Disclaimer; I did look up some more information but the above is being used as an example and might not be medically correct. 🙂
For subheadings, I use a mix of keyword-focused headers and some I think are interesting and bring something to the article.
Typically, the first subheading will be designed to make the person read on. I’ve given away the answer in the intro to try and claim the snippet, so I need something to make people read on.
For the above example, I’d probably write something like, “Touched poison ivy? Here’s what might happen”. Then I’ll write a couple of hundred words relevant to the topic.
For the other headers I pick up ideas from the “People also ask” and the “Searches related to…” sections from the search results page for the keyword.
Not the best and most relevant examples for this keyword.
I’d probably target the first, and maybe the third or forth questions. Using these and the suggestions at the bottom of the SERPs means you should never find it difficult to add subheading sections to your blog post.
Writing a brief summary at the end of a post is good for two reasons:
- People are in a hurry for information and like to skim. They’ll often swipe down to the bottom of a post for a conclusion.
- It’s a second chance to optimize for a snippet, and I get a lot of snippets using content from the summary section of my posts.
Just write a couple of short paragraphs as you did for the into. Optimize it for a snippet using all the relevant keywords that Google would bold.
That’s pretty much it for how I structure a post. As you can see, I basically optimize around one keyword and add several sections of relevant content targeting other keywords that are recommended by Google.
I don’t add fluff or try to pad out the word count. The average word count of my posts is around 800 words.
Related Questions and Other On-Page Stuff
Here are answers to some questions I’m often asked or are anticipating:
What About Internal and External Links?
I link to as many internal pages as I can that come up naturally while writing a post. Which can be as many as 15 at times as I publish to many posts.
I also always link out to high-authority sources that I used to provide my answer. I never link to sites that could be seen as competitors.
So, How Many Times Do You Use the Exact Keyword in a Post?
Most of the time I either don’t use the keyword in the post, or I’ll add it in once near the beginning just to see if it helps. But it really doesn’t matter that much.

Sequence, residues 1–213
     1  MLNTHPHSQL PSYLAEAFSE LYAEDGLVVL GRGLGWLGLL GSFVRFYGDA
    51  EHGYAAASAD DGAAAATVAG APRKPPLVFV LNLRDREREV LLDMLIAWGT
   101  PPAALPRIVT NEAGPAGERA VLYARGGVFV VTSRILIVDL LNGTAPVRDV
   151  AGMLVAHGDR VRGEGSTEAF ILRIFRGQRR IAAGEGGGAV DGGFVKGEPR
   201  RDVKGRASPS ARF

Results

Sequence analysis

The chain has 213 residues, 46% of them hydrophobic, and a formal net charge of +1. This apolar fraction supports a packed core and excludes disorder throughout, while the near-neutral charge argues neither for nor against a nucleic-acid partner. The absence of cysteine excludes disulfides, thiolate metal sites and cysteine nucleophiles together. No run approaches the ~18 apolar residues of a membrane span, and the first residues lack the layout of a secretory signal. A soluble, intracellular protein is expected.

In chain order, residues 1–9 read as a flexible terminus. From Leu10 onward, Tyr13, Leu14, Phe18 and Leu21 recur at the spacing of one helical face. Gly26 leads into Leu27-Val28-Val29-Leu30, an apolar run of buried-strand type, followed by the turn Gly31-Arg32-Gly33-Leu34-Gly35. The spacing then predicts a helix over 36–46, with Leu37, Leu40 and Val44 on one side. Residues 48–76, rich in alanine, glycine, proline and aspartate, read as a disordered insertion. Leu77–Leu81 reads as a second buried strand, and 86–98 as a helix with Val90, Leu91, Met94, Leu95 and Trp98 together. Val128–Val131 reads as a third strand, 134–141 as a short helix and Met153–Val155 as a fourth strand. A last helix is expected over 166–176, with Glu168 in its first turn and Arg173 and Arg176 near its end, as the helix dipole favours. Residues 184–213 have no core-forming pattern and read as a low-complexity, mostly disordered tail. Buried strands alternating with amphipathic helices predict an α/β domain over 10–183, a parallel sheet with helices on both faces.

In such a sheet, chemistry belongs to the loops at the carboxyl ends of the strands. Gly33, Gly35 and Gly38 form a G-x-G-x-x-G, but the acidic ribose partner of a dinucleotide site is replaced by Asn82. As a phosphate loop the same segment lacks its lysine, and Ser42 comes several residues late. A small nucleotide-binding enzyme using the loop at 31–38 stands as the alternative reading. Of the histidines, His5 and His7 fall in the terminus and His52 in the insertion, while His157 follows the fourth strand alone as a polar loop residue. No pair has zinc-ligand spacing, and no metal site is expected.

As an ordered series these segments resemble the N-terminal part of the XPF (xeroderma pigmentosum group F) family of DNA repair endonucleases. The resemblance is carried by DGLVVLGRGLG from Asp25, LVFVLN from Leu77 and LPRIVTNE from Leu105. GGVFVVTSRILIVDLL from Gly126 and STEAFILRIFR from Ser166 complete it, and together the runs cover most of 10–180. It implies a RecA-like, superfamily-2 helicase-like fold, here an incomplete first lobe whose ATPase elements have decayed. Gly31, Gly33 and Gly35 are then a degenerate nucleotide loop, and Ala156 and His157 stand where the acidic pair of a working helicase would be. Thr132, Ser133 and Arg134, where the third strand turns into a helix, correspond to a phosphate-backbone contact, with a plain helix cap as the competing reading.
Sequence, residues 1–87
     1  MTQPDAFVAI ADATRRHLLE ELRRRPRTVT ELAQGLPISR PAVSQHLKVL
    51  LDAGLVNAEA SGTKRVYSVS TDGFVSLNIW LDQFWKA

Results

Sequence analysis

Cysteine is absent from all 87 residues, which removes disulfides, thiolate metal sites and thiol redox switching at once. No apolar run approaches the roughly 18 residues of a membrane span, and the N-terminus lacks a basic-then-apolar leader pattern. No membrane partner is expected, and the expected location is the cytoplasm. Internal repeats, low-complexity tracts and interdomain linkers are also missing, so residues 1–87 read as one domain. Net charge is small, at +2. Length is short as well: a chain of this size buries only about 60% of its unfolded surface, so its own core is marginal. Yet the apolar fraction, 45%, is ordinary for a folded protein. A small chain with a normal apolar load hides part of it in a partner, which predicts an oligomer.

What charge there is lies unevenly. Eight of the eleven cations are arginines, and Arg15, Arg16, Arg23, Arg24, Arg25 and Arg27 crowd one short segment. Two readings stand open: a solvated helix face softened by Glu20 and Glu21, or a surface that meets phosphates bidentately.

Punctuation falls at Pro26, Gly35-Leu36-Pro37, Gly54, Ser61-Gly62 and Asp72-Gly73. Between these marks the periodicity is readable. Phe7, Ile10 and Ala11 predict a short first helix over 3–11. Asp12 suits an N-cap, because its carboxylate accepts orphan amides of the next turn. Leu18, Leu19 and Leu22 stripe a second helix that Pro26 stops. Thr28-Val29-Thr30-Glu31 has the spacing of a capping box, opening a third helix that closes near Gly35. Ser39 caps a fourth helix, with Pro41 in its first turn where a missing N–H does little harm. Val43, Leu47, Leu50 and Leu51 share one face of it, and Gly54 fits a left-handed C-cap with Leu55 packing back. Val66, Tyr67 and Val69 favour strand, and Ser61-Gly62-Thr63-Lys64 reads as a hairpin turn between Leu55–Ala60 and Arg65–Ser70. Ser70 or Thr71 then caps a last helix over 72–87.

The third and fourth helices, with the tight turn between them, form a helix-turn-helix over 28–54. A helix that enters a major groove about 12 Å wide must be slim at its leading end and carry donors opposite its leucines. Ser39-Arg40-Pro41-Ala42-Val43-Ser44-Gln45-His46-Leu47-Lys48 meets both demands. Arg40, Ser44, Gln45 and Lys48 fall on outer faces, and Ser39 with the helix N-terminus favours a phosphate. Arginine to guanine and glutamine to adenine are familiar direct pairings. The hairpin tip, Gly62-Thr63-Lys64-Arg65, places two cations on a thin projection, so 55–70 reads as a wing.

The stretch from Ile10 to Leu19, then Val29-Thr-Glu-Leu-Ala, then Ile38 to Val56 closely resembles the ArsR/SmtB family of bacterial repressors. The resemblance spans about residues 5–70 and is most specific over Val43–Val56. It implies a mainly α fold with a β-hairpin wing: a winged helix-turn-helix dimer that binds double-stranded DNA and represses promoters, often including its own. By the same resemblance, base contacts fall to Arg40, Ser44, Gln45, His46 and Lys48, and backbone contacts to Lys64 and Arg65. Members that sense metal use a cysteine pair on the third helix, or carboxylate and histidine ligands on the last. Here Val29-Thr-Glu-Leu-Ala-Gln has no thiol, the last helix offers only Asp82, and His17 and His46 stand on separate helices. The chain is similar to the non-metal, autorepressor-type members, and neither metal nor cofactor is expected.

More often than not, I tend to look at how many times the articles ranking in the top 3-5 used the exact keyword and follow suit. Which, in the case of longtail keywords is often zero times!
But, My Yoast SEO Score Will Not Be “Green” Following Your Advice
That’s right. I don’t use Yoast, but if I did most of my posts would be orange at best. A lot would probably be in the red.
Yet, most of my articles rank well. What does that tell us?
Will I Rank on Page One Using Your On-Page Strategy?
There are no guarantees, never believe an SEO that promises you amazing results with ease.
That said, if you nail the keyword research, have a site with enough content for Google to know what it’s about, and write a post even loosely following my outline, it’s very likely.
I don’t usually use screenshots from keyword tools as they are so inaccurate. However, to provide some insight you can see from the screenshot below that Ubersuggest thinks I have 1,785 keywords ranking on page one.
Taking into account Ubersuggest thinks I only get 15k traffic, and combined with what I can see in my Search Console, I probably have at least double that number of keywords ranking on page one.
All by literally writing articles exactly how I’ve outlined in this post within a few months on a new domain.
Now it’s over to you. Do you want to increase the traffic to your site without going out and begging for backlinks?
Of course you do, everyone does.
From talking with other bloggers, the biggest hurdle seems to be actually doing the work. I feel bad calling that out, but it’s true.
You have to start pushing out the content if you want more traffic.
Don’t rush or cut corners though. Write the best possible article you can citing sources and answering the question to the best of your ability. It’ll pay off in the long run (and hopefully in the short run).
Any comments, tips, or feedback always welcome!